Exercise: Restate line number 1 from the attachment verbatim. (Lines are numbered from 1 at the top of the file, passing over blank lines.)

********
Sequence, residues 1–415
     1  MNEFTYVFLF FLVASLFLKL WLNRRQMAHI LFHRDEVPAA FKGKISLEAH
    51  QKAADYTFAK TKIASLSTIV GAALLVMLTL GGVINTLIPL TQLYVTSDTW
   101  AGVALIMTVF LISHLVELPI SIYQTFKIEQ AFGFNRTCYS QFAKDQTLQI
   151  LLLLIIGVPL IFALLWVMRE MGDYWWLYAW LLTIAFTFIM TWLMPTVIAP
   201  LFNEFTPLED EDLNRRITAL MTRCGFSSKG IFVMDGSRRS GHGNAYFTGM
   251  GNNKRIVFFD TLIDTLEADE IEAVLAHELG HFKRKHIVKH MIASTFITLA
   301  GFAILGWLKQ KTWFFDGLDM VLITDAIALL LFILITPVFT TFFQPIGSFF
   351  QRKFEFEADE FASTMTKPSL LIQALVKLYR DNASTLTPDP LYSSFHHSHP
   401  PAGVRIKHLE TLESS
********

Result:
Sequence, residues 1–415